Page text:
We need a museum here that deals with what's here, that addresses not only the past, but the present and the future as well, that embraces our history and nurtures our future, that appreciates the artists who have paved the way and still contribute that opens doors for the next generation of artists, that gives our many fine art schools' students a reason to stay after graduation and that taps into the breadth of non-visual art, music and theater that we are so damned proud of.

Too many of our city's self-appointed, self-impressed art community leaders are narrow-minded apologists who can't see the rich turf between their toes, but instead think its greener elsewhere.

These people can't see because they don't look.  How is it that some of Chicago's "best" collectors have never set foot in a Chicago gallery yet sit on the board of a museum pretending to be relevant?

It is time for change. It is inexorable.  It is coming to a town you love - even if you won't admit it.

The demise of the Chicago Art Fairs is not irrelevant. It was good for a decade.  And then it collapsed under its own stagnating weight.   It could have grown and it didn't.  It didn't nurture its own and newer, better versions arose somewhere else to fill the void. But like Chicago after The Great Fire when what arose was better than what was, it is time for a vibrant, full-fledged, multi-disciplinary, noncommercial museum that is about the artists, the musicians, the people and not the money, the glory, the benefactors and their interest in self-aggrandizement.

I got input from Wesley Kimler too - a powerful and brave painter whose spins ideas faster than a spewing Gatlin gun.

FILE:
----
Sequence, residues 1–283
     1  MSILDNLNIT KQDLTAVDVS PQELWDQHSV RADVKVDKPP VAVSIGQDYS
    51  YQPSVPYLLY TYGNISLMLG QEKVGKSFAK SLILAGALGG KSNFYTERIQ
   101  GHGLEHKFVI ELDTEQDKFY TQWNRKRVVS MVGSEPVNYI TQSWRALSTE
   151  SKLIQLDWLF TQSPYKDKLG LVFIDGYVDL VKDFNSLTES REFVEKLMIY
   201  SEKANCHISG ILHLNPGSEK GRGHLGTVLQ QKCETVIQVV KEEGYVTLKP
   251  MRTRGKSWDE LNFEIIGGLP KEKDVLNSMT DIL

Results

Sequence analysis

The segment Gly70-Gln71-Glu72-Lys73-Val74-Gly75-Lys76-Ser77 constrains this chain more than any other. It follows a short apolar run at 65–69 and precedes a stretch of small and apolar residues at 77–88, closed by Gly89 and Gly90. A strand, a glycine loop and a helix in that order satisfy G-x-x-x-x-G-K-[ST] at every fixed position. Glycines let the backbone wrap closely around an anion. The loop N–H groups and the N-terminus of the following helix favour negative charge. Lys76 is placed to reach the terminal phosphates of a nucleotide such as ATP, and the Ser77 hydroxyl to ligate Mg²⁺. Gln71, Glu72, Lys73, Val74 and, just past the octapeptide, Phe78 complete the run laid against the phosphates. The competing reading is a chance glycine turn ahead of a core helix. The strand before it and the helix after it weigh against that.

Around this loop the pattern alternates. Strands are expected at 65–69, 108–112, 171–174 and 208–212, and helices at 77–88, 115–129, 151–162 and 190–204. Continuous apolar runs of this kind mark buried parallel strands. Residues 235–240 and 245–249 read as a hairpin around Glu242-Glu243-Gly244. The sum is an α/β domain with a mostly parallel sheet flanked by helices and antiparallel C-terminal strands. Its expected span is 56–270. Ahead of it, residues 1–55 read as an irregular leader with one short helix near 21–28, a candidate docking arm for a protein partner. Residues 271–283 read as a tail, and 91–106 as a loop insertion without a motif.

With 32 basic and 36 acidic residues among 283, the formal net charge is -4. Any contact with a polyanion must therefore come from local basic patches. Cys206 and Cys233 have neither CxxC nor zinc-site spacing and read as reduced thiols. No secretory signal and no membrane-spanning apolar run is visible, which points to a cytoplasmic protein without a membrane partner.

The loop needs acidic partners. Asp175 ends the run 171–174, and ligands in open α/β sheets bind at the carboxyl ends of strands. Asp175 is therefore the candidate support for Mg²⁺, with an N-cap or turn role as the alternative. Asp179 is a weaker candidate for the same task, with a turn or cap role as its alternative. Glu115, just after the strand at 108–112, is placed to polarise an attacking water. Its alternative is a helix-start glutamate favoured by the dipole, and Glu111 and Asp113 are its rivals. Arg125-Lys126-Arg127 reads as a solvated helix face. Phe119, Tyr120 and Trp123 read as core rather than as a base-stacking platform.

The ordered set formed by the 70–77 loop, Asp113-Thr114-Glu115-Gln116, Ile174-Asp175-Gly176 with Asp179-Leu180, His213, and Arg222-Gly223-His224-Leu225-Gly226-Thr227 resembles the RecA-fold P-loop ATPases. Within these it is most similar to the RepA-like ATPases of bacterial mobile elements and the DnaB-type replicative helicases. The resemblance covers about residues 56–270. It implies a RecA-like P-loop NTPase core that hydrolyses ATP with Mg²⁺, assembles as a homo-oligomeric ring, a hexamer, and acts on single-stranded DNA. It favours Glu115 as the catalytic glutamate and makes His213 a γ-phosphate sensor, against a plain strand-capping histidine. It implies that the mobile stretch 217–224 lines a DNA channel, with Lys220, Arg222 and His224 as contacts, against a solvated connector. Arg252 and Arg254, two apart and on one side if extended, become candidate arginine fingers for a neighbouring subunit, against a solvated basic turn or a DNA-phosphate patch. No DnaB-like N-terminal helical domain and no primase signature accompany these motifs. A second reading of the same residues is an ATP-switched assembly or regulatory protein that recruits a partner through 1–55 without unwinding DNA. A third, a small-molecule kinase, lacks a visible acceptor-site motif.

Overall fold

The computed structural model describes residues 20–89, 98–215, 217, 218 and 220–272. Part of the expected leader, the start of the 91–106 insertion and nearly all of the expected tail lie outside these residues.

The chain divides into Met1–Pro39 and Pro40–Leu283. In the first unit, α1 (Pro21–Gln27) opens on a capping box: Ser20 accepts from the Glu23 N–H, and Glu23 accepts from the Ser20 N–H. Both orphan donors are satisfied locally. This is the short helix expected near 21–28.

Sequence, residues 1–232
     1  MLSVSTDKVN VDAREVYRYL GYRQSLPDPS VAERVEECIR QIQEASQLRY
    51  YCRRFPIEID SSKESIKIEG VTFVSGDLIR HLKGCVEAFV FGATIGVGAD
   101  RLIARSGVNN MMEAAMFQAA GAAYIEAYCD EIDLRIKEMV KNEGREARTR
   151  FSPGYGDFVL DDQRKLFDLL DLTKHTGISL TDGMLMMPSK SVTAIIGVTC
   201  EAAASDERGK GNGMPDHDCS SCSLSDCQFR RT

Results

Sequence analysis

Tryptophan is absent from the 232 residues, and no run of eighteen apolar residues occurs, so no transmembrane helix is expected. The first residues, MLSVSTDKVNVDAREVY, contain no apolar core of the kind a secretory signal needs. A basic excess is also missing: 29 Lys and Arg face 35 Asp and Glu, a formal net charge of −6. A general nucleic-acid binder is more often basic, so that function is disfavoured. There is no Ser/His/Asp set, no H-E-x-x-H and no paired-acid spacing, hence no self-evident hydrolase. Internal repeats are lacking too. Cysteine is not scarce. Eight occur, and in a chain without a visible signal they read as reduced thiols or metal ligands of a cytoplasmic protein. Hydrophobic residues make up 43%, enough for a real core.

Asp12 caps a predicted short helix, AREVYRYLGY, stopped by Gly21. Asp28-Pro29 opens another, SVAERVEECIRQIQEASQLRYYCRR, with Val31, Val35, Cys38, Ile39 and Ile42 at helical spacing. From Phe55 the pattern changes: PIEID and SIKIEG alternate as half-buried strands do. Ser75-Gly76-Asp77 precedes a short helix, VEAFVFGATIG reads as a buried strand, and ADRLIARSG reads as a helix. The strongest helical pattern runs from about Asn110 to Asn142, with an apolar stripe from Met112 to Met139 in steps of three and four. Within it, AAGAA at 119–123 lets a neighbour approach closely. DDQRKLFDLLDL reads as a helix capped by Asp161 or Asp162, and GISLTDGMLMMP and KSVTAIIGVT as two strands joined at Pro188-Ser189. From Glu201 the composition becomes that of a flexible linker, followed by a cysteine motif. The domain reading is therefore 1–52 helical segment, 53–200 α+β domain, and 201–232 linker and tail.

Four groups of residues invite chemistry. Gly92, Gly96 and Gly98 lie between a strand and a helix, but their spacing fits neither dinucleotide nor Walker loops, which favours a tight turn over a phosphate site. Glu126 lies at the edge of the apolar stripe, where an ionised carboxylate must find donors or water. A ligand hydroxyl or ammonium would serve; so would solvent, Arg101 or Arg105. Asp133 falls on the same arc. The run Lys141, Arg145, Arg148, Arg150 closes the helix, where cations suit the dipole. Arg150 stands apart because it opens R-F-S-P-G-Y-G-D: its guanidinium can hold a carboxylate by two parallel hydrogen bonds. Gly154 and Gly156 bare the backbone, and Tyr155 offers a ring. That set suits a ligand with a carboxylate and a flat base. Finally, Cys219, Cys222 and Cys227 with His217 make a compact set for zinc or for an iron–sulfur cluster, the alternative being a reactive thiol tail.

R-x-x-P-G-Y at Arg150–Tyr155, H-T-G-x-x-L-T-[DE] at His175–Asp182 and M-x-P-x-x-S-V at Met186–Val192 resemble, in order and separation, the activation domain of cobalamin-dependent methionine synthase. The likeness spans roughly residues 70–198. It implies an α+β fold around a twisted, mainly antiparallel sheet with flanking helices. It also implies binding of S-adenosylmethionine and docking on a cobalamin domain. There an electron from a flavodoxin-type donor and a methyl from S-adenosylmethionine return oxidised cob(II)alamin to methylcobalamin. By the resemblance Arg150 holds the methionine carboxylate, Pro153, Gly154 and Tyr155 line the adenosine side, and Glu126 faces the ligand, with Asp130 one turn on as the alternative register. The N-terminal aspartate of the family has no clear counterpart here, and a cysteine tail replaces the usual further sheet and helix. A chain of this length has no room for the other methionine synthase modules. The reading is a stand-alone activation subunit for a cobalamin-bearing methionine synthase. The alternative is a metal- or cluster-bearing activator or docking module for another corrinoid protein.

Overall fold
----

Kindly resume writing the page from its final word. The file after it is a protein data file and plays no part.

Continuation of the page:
We need to reenergize. We need to metamorphize the lesson of the fairs into the idea of a truly contemporary museum - an attempt at infrastructure -with not only a physical presence but a base in cyberspace as well, that the museum will try as no museum has previously done, to be truly interdisciplinary in its approach, fostering the infrastructure that is all that is really lacking for Chicago to be a leading metropolis on the international stage for all of the arts. We want a cyberspace devoted to theatre, music, and visual arts - more of a museum/cybermagazine promoting what is curated and what is noteworthy.  We want to mix the arts and stir it up!

For example, I have spent an evening in Wesley's gritty studio, sitting on the dirty floor with multi-pierced art students, BMW pilots and the former president of the board of one of those museums I was chastising, listening to Nick Tremilus and Billy Corgan play music less than 10 feet in front of me.  It was Corgan who said "this is a new song. I finished it on the way over here."

Isn't this what the art experience should be about?

Chicago is a city of possibility.  It rewards those who make the effort. Half a century ago Nelson Algren wrote about how this is a city you can love and you can hate, but don't expect it to love you back.  It is a real city with little or no pretense. It is more American than most. It has texture and it has depth and it has great art, music, theater, poetry and gristle and soon it's not going to be such a secret.

A century ago Daniel Burnham threw down the gauntlet.  It is time again to pick it up. It is time to alter the landscape, time for the art that is shown to be an extension of those who make it, time for the community to have a voice, time for art to be relevant, and time to look at the influences of, and upon, art today. It is time for a museum to acknowledge and examine its roots, to know, show, grow and make history, to play well with its neighbors and to celebrate the diversity and talent that is, has been, and will be Chicago.


Paul Klein wants your ideas. This isn't about him.  It's about people - all people, and artists, and musicians and poets and actors.  It's about art in all its glorious forms. Your input is invited. So is your participation.  You can write Paul Klein (paul@artletter.com) and he will see that your ideas are heard.